1. Pigs Get Slaughtered
The road to a
buyout is getting muddy.
The Bancroft family that controls the New York-based publisher
(NWS - Get Report)
chief Rupert Murdoch. Murdoch, who has long coveted
The Wall Street Journal
, has launched a $5 billion takeover bid. Critics fret that Murdoch would trample the
integrity in his headlong pursuit of business opportunities.
The Bancrofts seem to have put some of those fears aside. Murdoch called the talks "constructive," and someone close to him described the four-hour meeting as "different proposals being bandied about."
But the bandying was only beginning. First, a union that represents some Dow Jones workers enlisted billionaire investor Ron Burkle as a partner in a possible deal. With his deep pockets and political connections, Burkle at least has the stature to be taken seriously.
It's not clear if the same can be said about longtime public relations honcho Brian Tierney, who said this week he too would like to join the fray.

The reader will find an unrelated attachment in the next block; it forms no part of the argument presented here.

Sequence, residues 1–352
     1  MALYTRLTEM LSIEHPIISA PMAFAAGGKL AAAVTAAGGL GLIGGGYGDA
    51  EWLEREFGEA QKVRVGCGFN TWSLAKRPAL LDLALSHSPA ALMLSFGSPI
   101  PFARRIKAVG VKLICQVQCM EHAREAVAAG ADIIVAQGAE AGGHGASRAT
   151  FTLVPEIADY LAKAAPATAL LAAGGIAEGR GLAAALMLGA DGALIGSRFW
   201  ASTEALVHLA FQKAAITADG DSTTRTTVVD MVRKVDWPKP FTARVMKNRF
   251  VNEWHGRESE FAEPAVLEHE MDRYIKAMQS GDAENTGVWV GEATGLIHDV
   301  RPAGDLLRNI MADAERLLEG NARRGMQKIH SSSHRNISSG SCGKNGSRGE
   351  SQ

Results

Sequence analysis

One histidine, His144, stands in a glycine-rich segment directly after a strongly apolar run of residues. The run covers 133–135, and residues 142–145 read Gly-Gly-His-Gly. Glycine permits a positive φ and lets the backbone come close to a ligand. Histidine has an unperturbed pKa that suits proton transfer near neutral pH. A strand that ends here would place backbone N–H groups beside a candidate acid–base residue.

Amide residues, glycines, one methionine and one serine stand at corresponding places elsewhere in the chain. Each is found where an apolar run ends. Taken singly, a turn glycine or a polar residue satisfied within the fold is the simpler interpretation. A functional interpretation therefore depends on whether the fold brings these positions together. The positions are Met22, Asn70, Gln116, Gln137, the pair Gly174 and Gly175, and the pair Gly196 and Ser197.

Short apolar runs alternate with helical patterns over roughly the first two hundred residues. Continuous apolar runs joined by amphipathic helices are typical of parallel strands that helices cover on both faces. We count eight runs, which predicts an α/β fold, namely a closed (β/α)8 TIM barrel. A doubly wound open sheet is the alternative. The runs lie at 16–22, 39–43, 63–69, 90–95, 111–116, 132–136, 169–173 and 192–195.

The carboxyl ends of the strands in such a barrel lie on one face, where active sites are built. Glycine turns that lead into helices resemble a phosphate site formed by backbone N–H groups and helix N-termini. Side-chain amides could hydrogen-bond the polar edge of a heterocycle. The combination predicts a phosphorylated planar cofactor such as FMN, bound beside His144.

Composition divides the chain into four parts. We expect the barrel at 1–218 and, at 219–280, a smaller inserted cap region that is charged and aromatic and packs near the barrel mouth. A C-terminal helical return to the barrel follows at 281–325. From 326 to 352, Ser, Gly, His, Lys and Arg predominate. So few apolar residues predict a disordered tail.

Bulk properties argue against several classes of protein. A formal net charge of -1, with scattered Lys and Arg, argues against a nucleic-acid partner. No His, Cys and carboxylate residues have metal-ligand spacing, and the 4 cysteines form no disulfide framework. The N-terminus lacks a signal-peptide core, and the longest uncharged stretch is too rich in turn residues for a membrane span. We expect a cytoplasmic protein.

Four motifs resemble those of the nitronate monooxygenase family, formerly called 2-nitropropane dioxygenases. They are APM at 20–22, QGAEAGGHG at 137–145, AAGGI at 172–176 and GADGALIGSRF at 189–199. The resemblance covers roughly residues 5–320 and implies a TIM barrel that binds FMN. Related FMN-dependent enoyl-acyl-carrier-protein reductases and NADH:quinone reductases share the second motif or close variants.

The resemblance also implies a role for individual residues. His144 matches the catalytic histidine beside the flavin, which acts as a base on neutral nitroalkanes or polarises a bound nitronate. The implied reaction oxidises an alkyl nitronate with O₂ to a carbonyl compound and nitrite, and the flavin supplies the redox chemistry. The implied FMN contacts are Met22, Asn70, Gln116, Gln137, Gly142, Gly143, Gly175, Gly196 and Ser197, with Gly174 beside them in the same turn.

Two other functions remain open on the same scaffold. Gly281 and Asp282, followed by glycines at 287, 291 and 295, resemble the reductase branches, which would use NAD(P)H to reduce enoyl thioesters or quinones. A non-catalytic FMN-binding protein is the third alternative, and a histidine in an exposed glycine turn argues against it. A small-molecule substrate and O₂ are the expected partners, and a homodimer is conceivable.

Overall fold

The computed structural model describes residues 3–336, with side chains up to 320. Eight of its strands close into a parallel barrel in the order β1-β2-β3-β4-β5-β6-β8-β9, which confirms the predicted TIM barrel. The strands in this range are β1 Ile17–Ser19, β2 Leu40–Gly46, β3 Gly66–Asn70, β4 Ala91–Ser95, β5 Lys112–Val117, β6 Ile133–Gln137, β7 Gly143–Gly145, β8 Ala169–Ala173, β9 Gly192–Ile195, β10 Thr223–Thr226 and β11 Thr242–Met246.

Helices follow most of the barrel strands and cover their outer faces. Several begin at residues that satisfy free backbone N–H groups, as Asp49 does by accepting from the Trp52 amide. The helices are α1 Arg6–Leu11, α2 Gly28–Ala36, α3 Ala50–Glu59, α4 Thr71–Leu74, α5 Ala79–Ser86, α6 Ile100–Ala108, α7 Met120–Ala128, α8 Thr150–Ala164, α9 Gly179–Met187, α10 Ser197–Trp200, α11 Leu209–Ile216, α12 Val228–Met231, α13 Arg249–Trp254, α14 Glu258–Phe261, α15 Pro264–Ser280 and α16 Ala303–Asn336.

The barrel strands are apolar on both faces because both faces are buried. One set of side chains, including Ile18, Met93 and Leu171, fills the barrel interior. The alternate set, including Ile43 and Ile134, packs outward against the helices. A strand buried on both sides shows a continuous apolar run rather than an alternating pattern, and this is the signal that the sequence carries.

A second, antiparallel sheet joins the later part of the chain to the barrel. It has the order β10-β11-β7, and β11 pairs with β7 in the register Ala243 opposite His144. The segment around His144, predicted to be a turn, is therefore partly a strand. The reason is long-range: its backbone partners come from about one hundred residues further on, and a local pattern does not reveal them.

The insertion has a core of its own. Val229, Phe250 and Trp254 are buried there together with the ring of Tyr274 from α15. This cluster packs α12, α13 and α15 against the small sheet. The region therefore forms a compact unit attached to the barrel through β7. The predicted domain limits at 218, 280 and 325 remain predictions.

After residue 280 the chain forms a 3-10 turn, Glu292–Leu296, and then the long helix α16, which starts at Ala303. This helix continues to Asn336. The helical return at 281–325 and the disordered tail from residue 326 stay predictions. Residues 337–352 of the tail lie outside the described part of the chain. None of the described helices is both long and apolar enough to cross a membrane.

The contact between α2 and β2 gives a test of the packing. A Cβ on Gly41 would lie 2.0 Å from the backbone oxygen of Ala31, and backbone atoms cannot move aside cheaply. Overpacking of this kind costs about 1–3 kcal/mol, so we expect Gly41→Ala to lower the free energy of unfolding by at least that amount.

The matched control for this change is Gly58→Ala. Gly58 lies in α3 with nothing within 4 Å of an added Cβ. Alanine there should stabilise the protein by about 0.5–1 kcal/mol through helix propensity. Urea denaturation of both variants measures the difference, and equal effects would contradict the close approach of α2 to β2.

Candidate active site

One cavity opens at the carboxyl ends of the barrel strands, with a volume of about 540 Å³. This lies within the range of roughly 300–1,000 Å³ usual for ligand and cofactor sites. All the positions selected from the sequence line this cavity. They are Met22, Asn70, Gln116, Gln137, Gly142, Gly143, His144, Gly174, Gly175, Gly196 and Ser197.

"If there was a formalized bidding process," Tierney said, "it would be our intention to participate."
Of course, intentions only go so far with Tierney. He heads up a group that took over Philadelphia's
last June for $562 million. Tierney made all the usual noises about sharpening coverage and redeploying scarce resources.
"We don't need a Jerusalem bureau," he told
The Washington Post
. "What we need are more people in the South Jersey bureau."
But what the
got was fewer people everywhere. Just six months after taking over, Tierney set plans to cut newsroom staffing by 17%.
That's not to say his reign has been a failure. Earlier this year, Tierney's papers celebrated an unexpected monthly circulation bounce with a
memorialized by a special pullout section in the
"Pigs Fly!" reads a headline above a picture of pigs flying past the newspaper's building. "Daily readership soars with high-flying swine."
Maybe Murdoch isn't the pigheaded one after all.
Dumb-o-Meter score: 93. Dow Jones is just wallowing in high-quality offers lately.